Yes to marriage equality in Ireland – an inspiration for battles to come

Irish socialist Jen O’Leary analyses the politics of the No and Yes campaigns, and argues that the Yes victory must be a step in the ongoing struggle for wider LGBTQ liberation. 

Photo: William Murphy, flickr

Photo: William Murphy, flickr

We received Jen’s article after the polls closed, but before the results started coming in. Around Saturday lunchtime, it became clear not only that Yes had won, but that the Yes vote was highest in working-class areas. Irish broadcaster RTÉ reported that “Early tallies are showing a Yes Vote of over 70% particularly working class areas of Dublin… Another feature is the higher turnout in lower income areas.” Yes won over 80% of the vote in parts of north east Dublin which have been the heartlands of the movement against water charges. Jen commented that “It’s not Ireland I’m proud of – it’s the working class and the spontaneous mass mobilisation we witnessed of the returning youth who were forced to emigrate.”

Ireland held the world’s first referendum on same-sex marriage on Friday 22 May.  This was the first instance of any country putting same-sex marriage to a popular vote.  While seventeen other countries, plus some states in the US, have legalised and recognise same-sex marriage, this was achieved by passing legislation through parliament.  In Ireland, the question of “marriage equality” had to be put to public vote since any changes to the Constitution must be put to a referendum.  Regardless of which route to marriage equality is taken, such reforms are the result of decades of LGBTQ struggle combined with the ability of the changing nature of neo liberalism to accommodate and utilise such reforms for its benefit.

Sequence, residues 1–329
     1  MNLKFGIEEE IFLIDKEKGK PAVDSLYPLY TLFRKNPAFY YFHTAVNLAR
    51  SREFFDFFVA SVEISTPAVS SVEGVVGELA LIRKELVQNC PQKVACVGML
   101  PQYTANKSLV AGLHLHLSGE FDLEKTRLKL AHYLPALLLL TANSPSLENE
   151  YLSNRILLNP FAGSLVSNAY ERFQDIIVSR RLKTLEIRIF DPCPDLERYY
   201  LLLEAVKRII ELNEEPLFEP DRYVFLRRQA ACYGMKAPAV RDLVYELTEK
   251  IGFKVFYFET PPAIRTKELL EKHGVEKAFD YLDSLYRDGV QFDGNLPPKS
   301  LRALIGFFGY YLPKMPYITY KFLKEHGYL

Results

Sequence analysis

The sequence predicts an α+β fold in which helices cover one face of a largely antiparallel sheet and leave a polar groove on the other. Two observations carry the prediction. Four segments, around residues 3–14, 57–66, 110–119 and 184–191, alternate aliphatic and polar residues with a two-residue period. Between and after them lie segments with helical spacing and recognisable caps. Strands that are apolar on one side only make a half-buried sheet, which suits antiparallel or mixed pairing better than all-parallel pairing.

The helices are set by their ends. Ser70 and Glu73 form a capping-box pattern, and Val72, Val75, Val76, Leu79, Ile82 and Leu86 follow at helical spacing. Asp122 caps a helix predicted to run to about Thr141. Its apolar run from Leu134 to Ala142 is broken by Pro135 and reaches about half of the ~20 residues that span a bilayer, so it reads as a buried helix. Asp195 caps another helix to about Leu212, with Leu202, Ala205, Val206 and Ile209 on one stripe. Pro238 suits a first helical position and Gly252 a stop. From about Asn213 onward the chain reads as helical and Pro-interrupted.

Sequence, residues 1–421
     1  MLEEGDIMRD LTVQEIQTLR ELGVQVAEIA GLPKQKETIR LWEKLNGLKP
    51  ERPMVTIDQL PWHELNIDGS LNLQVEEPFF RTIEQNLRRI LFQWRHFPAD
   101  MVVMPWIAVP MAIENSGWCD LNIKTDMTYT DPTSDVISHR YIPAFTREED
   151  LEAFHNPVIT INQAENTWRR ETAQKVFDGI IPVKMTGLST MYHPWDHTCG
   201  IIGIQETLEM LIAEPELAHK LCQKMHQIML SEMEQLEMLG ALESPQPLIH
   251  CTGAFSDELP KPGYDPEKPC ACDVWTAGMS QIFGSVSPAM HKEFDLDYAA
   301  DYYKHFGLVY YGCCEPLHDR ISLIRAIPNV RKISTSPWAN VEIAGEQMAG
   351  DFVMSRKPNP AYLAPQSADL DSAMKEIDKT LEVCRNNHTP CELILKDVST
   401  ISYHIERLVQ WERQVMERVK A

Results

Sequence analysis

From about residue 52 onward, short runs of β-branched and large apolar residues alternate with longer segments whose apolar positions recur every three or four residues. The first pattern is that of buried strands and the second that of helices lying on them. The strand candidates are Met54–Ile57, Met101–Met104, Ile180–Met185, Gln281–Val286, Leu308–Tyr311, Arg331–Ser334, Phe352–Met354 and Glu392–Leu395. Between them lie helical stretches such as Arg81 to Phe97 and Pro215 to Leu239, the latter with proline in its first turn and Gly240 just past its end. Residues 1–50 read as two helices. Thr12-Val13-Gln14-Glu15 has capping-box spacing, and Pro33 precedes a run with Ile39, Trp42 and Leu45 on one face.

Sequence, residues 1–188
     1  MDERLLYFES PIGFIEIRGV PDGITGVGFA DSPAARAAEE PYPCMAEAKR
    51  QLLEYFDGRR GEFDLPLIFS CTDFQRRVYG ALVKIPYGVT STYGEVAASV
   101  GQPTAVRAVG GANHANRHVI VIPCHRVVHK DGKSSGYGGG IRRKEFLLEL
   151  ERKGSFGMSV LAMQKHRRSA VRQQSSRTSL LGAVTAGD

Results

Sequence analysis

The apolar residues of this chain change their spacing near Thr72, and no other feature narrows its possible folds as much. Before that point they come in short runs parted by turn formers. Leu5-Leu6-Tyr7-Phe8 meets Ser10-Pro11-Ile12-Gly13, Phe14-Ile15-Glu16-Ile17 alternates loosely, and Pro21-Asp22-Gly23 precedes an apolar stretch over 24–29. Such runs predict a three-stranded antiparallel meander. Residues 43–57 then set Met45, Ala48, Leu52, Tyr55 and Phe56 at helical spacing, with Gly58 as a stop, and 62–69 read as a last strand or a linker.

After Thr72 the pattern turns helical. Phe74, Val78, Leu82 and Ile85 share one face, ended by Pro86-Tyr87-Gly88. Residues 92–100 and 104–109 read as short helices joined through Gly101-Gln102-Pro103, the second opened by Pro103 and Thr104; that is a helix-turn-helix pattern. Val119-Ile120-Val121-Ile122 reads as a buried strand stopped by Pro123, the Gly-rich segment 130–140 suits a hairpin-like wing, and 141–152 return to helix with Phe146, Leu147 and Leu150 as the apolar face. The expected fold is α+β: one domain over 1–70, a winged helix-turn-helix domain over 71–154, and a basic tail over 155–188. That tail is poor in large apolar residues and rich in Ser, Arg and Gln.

The Reactionary Opposition Campaign

The reliance on having to hold a referendum however, has allowed for the voice of a vitriolic opposition campaign to be heard.  During the course of the last six weeks, LGBTQ people in Ireland have been subjected to an amplified and more pronounced expression of the homophobia that we endure under capitalism.  Homophobes have been given platforms to air their hateful views by the media and the streets have been adorned with posters which attempt to draw the issue away from one of civil rights towards a defence of an ahistorical concept of “traditional” marriage and the family.  The fundamentalist homophobia has been defended by liberal voices of hegemonic common sense, in the name of “balance” and for some warped concept of freedom of speech which entitles the oppressor while giving no consideration to the freedom of the oppressed.

Ironically, but not surprisingly, those associated with the opposition campaign and its faux-compassion for the protection of children and the family, are associated with the very values and institutions that damaged children and families over decades in Ireland.  The reality is that it was the religious right who, with the involvement of the state, forcibly removed children from their parents and confined young mothers to the Magdalene Laundries, (institutions run by the Church that confined women to a life of punitive unpaid labour and abuse), reformatories and industrial schools.  It was these exact same people who assisted with the cover up of clerical child sexual abuse.  And it was these very same right-wing fundamentalist views that were responsible for the burial of nearly 800 children in an unofficial graveyard at the rear of a former mother and baby home in Tuam, for which there were no official records.